Neutrophilic eccrine hidradenitis induced by cytarabine.

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Neutrophilic eccrine hidradenitis induced by cytarabine.

Acta Dermatovenerol Croat. 2012 Dec;20(4):272-83

Authors: Grahovac M, Maximiliane Ehmann L, Flaig M, Reibke R, Wollenberg A

Abstract
INTRODUCTION Neutrophilic eccrine hidradenitis (NEH) is a recently recognized dermatosis primarily affecting the eccrine glands and occurs most commonly in patients undergoing chemotherapy for malignancy. It is a rare, but characteristic acute, self-limited, inflammatory neutrophilic dermatosis most commonly described in patients with acute myelogenous leukemia (AML) receiving chemotherapy (1). Patients with this uncommon, self-limited condition usually present with fever and nonspecific cutaneous lesions. We report an instructive patient with AML who developed rapidly expansive NEH with periorbital cellulitis after receiving cytarabine for induction chemotherapy. CASE REPORT A 51-year-old Caucasian female nurse diagnosed with AML was admitted to the hospital for cytoreductive cytarabine chemotherapy. She had a history of AML diagnosed two years before. Her disease remained undetectable for almost one year, when she relapsed from acute myeloid leukemia. For the reason of antileukemia treatment, the patient received cytarabine. On the eleventh day of treatment she got high fever and 5 days later she developed an unusual rash confined to her upper chest, upper legs and arms, consisting of blanching urticarial papules and plaques, some of which showed central pustules. In addition, periorbital cellulitis-like lesions were present (Fig. 1A, B). Her whole blood count showed C-reactive protein 46.1mg/dL (<0.5), WBC 0.7x109L (4.20-5.10) and neutropenia. Differential diagnosis included Sweet's syndrome and bacterial infection. Due to isolation of Escherichia coli from urine, oral therapy with amoxicillin/clavulanic acid was started. Furthermore, she received a broad spectrum of antibiotic including meropenem and vancomycin. Repeated blood cultures for bacteria, serologic testing for fungi and virus specific PCRs were negative. Skin biopsies of cutaneous lesions on her left breast and upper leg were obtained. Histologic examination revealed a neutrophilic infiltrate around and within the eccrine ducts and secretory coils with occasional necrosis (Fig. 2). These findings were consistent with the diagnosis of NEH. Since the cytarabine treatment was finished anyway, only low potency topical steroid therapy was initiated. Over the next few days, the skin lesions resolved with post-inflammatory pigmentation (Fig. 3A, B). DISCUSSION NEH is a benign, self-limited, inflammatory dermatosis occurring in patients receiving chemotherapy for a variety of malignancies. The first descriptions were published by Harrist et al. in 1982 (1) and Flynn et al. in 1984 (2). NEH is associated with malignancy in 90% of cases (3). It is especially seen in patients with AML receiving chemotherapy, but it has also been reported in other hematologic malignancies such as acute myeloid leukemia, chronic lymphocytic leukemia, Hodgkin's and non-Hodgkin's lymphoma, as well in solid tumors such as osteogenic sarcoma, testicular carcinoma, metastatic breast cancer and Wilms tumor (1-5). The most frequently described cases are those where patients were receiving cytarabine-containing induction chemotherapy for AML. In several cases, some other drugs such as bleomycin (6), mitoxantrone (7), anthracyclines (8), decitabine (9), zidovudine (10) and acetaminophen (11) have also been described as being associated with NEH. NEH usually begins 2 days to 3 weeks following the initiation of chemotherapy, although it may occur as long as 2 years following therapy (12). NEH can either present in a localized distribution involving the limb or trunk, or be generalized. It generally presents as erythematous papules and plaques but the morphology of the lesions is very variable, which may be multiple or solitary, painful or asymptomatic. Most patients are febrile and neutropenic at the time clinical lesions are observed. Because of the widespread clinical picture, NEH must be distinguished from disseminated infection, drug hypersensitivity eruption, leukemia cutis or other cutaneous metastases, Sweet's syndrome, erythema multiforme, vasculitis, bullous pyoderma and pyoderma gangrenosum (1,2,13,14). In our patient, the rash was generalized involving the limbs and the trunk, but also affecting the face with periorbital lesions. This unusual clinical picture with periorbital cellulitis-like lesions has been described so far only in 3 other cases. Those patients were also receiving induction chemotherapy with cytarabine for AML (15-17). This eruption has been associated with numerous factors, but is most commonly seen with chemotherapy, particularly cytarabine. However, it might also be an unusual but genuine feature of NEH. NEH usually resolves spontaneously and therapy is rarely needed, although there is a 60% recurrence rate after exposure to the same chemotherapy (18). In case of fever or painful lesions, treatment options include anti-inflammatory, nonsteroidal drugs and Dapsone may prevent relapse in further cycles of chemotherapy (18). CONCLUSION Skin biopsy and microbiologic tests are required to establish the diagnosis of NEH. Early recognition of this diagnosis is important to avoid unnecessary treatment for infections or changes in drug therapy for non-existent drug reaction. Although relapses are described following reintroduction of causative chemotherapy, NEH is a self-limiting and non-life-threatening dermatosis.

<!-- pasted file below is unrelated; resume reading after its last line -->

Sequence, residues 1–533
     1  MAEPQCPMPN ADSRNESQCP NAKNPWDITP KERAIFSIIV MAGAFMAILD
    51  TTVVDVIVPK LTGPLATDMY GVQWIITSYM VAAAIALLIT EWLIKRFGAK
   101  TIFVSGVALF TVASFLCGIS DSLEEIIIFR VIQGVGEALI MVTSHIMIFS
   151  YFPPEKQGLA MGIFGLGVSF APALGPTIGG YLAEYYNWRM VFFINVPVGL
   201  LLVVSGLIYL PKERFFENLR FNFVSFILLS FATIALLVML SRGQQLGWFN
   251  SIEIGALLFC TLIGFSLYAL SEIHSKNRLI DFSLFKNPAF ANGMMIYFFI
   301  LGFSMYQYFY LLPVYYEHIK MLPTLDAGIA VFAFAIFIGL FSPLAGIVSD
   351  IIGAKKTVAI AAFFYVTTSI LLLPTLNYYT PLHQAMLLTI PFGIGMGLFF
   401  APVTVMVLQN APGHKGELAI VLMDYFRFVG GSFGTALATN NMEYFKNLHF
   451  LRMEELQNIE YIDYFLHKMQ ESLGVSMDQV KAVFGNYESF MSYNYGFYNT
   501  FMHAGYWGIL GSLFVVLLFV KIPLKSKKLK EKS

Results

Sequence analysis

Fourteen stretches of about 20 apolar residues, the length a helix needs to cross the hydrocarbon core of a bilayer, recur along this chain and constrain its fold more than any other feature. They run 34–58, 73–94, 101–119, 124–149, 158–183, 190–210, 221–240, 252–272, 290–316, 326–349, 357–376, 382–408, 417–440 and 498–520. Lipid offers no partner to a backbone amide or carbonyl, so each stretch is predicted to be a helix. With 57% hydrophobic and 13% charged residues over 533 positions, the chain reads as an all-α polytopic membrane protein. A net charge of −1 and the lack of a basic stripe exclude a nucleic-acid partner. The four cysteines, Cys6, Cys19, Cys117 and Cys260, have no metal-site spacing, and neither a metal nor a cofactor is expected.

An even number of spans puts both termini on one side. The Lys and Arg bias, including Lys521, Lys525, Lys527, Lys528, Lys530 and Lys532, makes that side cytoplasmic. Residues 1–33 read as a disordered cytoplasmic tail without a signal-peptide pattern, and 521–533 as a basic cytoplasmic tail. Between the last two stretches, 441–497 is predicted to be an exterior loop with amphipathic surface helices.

PMID: 23317491 [PubMed - in process]